At least there was cause for celebration at one of the Twin Cities’ two professional ballparks on Saturday.

As the Twins’ playoff hopes were officially dashed at Target Field, local hip-hop collective Doomtree’s dream of launching a new annual festival at CHS Field in St. Paul got off to a roaring, screaming, squealing start. And those were just the sounds heard from the inflatable bouncy houses on the dirt near first base — part of the group’s efforts to make its aptly named Doomtree Zoo a family-friendly music fest.

“This shows that hip-hop is so much more than the negative stereotype some people have of it,” said Karen Howard of Minneapolis, while watching her boyfriend’s kids, Sophie and Adrian, jump through the jumping obstacle course. “They’re having a blast, and we are, too.”

The music similarly jumped all over the place and involved a lot of different noises Saturday — from an interactive dance and shout-along party by kid-friendly techno-rap duo Koo Koo Kanga Roo on the mezzanine level behind home plate to a serenading version of Radiohead’s “No Surprises” by women’s vocal ensemble Anonymous Choir on the terrace above right field.

Meanwhile, the main stage in center field delivered a wide variety of experimental, sociopolitical and none-of-the-above indie-rap by Shabazz Palaces, Open Mike Eagle and Aesop Rock. Los Angeles’ thrash-punk band Trash Talk was also a main-stage act, but wild-eyed singer Lee Spielman spent most of their set down in the thick of the crowd — sparking what was undoubtedly the first circle mosh pit on the new ball field.

“Give it up to [Doomtree] for putting together all these jumpy houses, food and beer for the little [kids],” Speilman tauntingly yelled.

Saturday’s festival not only showed off the clever curation and eclectic tastes of Doomtree, which launched the Zoo to replace its popular Blowout concert series. The Zoo was also a strong showcase for the $63 million Saints ballpark, which has only hosted one other concert, a free Dr. John gig in June.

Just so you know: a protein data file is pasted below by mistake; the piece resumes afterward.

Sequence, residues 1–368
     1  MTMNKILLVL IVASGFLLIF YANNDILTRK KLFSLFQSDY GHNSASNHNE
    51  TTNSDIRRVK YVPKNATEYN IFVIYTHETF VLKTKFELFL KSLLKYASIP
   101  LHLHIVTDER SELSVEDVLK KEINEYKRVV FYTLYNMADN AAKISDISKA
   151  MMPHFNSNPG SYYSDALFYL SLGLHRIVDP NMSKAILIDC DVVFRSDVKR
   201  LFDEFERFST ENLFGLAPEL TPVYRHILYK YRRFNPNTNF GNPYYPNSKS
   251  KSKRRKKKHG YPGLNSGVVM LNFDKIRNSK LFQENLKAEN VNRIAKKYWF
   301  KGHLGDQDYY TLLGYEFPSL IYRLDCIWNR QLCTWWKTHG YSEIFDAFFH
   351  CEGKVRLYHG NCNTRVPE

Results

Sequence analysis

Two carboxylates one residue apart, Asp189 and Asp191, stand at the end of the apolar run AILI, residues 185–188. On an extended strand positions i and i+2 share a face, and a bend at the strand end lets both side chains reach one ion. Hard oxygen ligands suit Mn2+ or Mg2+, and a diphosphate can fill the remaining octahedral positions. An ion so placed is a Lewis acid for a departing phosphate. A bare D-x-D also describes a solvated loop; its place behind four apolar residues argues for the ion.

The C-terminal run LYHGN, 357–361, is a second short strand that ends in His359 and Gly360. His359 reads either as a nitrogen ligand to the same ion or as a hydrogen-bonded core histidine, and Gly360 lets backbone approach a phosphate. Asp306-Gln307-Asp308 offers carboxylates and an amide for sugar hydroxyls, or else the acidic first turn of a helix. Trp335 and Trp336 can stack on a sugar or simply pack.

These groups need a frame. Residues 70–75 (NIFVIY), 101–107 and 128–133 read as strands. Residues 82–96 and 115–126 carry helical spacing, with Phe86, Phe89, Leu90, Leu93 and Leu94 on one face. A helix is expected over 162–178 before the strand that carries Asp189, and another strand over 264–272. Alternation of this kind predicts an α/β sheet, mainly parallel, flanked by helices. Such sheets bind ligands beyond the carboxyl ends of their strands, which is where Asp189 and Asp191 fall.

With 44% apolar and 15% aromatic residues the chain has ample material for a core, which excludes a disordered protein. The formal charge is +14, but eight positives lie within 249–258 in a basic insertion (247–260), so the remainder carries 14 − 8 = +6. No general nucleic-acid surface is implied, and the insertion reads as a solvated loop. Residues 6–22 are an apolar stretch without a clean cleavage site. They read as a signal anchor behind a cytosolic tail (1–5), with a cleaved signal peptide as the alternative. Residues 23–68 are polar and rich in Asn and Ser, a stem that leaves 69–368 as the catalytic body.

About 5,000 fans bought the $35-$45 Zoo tickets, a comfortable number that left room for dancing on the field and plenty of seats to spread out in the stands. Surly Brewing, which launched a Doomtree brand beer last year, parked a truck on the field for serving, but otherwise the ballpark’s permanent concessions sufficed.

“I’m super impressed with the location and the setup,” said Casper Marshall, 19, of Minneapolis, who had been to many Doomtree events before. “It’s a good fit.”

Doomtree’s seven members hit the big stage around 8:20 p.m. amid a whir of stage lights and an animalistic procession by Heart of the Beast Puppet Theatre. They brought a few extra musical friends with them, too, including Poliça drummer Ben Ivascu and keyboardist Eric Mayson — as if there already weren’t enough moving parts in a Doomtree performance.

The extra players definitely added more oomph, starting with the show openers “Gray Duck” and “No Way” and especially toward the end of the nearly 90-minute set in the fan faves “Get Down” and “Bangarang.” Throughout, the group’s rappers expressed relief and amazement for how well the event came off.

“The idea of throwing a festival seems really stupid, and it’s hard — until you get here,” said rapper P.O.S. “All we kept hearing all day is how cool the crowd has been.”


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